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  1. #1
    Join Date
    Dec 2003
    Posts
    4

    Unanswered: Recommended Filesystem Layout

    Does anyone have suggestions on how to lay out the filesystems in UNIX for DB2 in a large OLTP environment? We are going to have the following:

    /db2home - home filesystem for all instances
    /db2log_p - filesystem for primary logs
    /db2log_s - filesystem for mirrored logs

    Any other suggestions from experience? As filesystems can get corrupted, we are separating them out for reliability, and not performance reasons. The filesystems are all located on a SAN.

    Thanks for the help.

  2. #2
    Join Date
    Apr 2003
    Posts
    191

    Re: Recommended Filesystem Layout

    Hi,

    add

    /db2dbcfg/db2instx/dbnamey

    and create your dbs on /db2dbcfg.

    Instead of a general /db2home for all instances, I recommend a database specific filesystem

    /db2home/db2instx/dbnamey

    for each of your databases. Same with logs.

    Also, you may want to consider if separating each database's temp space would make sense.

    Johann

    Originally posted by bkretch
    Does anyone have suggestions on how to lay out the filesystems in UNIX for DB2 in a large OLTP environment? We are going to have the following:

    /db2home - home filesystem for all instances
    /db2log_p - filesystem for primary logs
    /db2log_s - filesystem for mirrored logs

    Any other suggestions from experience? As filesystems can get corrupted, we are separating them out for reliability, and not performance reasons. The filesystems are all located on a SAN.

    Thanks for the help.

  3. #3
    Join Date
    Dec 2003
    Posts
    4

    Re: Recommended Filesystem Layout

    Originally posted by jsander
    Hi,

    add

    /db2dbcfg/db2instx/dbnamey

    and create your dbs on /db2dbcfg.

    Instead of a general /db2home for all instances, I recommend a database specific filesystem

    /db2home/db2instx/dbnamey

    for each of your databases. Same with logs.

    Also, you may want to consider if separating each database's temp space would make sense.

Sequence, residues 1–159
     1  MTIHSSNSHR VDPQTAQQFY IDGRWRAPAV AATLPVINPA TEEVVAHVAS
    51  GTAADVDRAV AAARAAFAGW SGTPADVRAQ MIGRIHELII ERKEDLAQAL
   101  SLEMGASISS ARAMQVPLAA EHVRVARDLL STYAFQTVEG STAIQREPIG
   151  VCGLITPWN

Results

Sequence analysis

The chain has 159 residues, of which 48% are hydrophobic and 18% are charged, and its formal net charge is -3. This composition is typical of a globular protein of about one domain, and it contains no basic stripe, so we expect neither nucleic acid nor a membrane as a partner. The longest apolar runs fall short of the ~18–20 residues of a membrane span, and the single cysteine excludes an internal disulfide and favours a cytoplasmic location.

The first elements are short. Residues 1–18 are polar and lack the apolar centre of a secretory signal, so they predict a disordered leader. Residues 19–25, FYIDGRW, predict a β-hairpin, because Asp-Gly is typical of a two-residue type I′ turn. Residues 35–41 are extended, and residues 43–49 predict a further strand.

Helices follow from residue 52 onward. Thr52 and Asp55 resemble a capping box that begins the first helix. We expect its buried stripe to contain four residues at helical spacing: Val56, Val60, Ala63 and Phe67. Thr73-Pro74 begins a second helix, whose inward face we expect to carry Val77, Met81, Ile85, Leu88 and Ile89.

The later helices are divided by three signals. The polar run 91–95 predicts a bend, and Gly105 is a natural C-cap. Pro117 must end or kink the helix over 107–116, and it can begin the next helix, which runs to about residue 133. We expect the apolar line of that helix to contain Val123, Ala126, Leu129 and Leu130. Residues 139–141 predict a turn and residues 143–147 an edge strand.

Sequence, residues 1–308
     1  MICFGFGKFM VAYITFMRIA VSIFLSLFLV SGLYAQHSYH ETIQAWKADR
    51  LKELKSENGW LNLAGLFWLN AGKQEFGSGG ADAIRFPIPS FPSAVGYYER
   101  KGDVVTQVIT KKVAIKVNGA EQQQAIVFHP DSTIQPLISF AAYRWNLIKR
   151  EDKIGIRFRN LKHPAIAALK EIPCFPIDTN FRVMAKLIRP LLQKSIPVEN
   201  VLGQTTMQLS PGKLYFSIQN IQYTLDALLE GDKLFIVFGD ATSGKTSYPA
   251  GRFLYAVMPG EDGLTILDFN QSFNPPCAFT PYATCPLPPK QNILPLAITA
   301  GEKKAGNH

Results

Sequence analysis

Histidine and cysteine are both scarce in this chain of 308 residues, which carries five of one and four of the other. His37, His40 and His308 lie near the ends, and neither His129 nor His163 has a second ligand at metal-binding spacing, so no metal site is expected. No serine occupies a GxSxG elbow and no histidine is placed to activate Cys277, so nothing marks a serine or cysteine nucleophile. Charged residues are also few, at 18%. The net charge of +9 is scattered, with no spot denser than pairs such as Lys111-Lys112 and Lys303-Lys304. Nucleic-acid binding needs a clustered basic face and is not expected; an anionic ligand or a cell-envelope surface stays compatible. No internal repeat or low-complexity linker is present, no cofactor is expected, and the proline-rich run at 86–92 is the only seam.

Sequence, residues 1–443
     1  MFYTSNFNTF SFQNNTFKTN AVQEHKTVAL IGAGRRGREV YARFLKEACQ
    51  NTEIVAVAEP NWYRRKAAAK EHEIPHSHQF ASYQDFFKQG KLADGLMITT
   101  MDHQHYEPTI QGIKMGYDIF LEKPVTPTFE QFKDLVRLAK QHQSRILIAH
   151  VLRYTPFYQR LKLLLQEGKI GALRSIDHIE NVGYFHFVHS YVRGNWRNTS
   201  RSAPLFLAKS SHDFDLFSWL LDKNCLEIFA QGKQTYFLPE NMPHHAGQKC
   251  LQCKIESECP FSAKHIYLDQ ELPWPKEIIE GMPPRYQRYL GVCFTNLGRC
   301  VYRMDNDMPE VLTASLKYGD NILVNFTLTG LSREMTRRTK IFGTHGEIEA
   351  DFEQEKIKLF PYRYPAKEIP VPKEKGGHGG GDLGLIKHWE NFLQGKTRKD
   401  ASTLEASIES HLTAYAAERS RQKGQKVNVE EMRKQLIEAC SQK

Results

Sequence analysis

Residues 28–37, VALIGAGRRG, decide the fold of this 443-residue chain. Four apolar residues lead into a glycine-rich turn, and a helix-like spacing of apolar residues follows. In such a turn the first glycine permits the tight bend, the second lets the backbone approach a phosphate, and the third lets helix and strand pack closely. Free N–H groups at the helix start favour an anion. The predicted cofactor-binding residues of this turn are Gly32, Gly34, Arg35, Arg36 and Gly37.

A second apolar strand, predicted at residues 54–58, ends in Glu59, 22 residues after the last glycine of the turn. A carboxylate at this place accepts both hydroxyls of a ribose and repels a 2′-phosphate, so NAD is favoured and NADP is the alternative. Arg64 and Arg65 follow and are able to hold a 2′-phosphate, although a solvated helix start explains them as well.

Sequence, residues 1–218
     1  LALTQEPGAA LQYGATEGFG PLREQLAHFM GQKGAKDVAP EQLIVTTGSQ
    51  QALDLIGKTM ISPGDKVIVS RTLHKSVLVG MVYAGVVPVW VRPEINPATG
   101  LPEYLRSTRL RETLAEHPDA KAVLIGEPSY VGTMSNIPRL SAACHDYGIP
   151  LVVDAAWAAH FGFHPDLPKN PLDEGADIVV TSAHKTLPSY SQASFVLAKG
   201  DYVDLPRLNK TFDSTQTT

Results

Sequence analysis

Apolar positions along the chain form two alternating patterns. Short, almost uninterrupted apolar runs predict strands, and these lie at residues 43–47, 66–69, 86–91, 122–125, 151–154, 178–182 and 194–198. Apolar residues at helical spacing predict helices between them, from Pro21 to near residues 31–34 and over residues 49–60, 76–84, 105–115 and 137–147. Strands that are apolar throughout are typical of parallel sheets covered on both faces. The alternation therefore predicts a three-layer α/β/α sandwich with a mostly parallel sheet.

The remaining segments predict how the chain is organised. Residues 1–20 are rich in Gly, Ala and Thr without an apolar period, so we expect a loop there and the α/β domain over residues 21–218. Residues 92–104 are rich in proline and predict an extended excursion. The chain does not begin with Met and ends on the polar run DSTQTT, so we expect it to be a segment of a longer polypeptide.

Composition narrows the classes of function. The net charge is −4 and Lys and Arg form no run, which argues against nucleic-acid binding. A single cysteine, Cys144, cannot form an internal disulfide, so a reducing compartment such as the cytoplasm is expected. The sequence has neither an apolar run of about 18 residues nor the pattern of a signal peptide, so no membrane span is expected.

Johann
    Thanks!! This is exactly how I am doing it. Just curious - what is the rationale for separating temp space? Thanks.

  4. #4
    Join Date
    Jul 2003
    Location
    Austin, TX, USA
    Posts
    278

    Rationale

    Hi,

    One of the rationale for seperating TempSpace is that it avoids sorts and all temperoary operations in the same area.

    Hence it improves performance to a good degree.

    HTH

    Nitin

  5. #5
    Join Date
    Apr 2003
    Posts
    191

    Re: Rationale

    Hi,

    another point is it becomes easier to tell why your filesystems or containers are getting full. If it is the temp space, it is probably enough to force an application, if it is data, you need to enlarge containers.

    Johann

    Originally posted by nitingm
    Hi,

    One of the rationale for seperating TempSpace is that it avoids sorts and all temperoary operations in the same area.

    Hence it improves performance to a good degree.

    HTH

    Nitin

  6. #6
    Join Date
    Dec 2003
    Posts
    4
    When I first read your response, I thought that when you said to separate out the "temp" space, I thought that you meant the /tmp operating system temp space. What you are really saying is to have a filesystem hold the userspace tablespaces for the database tables, and another filesystem hold the temporary tablespaces for the temporary tables (when they grow due to sort overflows, etc.). This makes sense in the case of separate disks. Does it buy me anything when I have a SAN on the back end and I am just allocating disk (from the same virtual pool of disk) for these tablespaces? If the tablespaces were on different RAID drives, I can see how the performance would improve. If the RAID drives were the same, I would not expect any improvement in performance. What are your thoughts. Thanks again.

  7. #7
    Join Date
    Apr 2003
    Posts
    191
    Hi,

    when your disks are represented by SAN, it is probably not so much a question about performance, but it is still a question about managability and ease of monitoring.

    Johann

    Originally posted by bkretch
    When I first read your response, I thought that when you said to separate out the "temp" space, I thought that you meant the /tmp operating system temp space. What you are really saying is to have a filesystem hold the userspace tablespaces for the database tables, and another filesystem hold the temporary tablespaces for the temporary tables (when they grow due to sort overflows, etc.). This makes sense in the case of separate disks. Does it buy me anything when I have a SAN on the back end and I am just allocating disk (from the same virtual pool of disk) for these tablespaces? If the tablespaces were on different RAID drives, I can see how the performance would improve. If the RAID drives were the same, I would not expect any improvement in performance. What are your thoughts. Thanks again.

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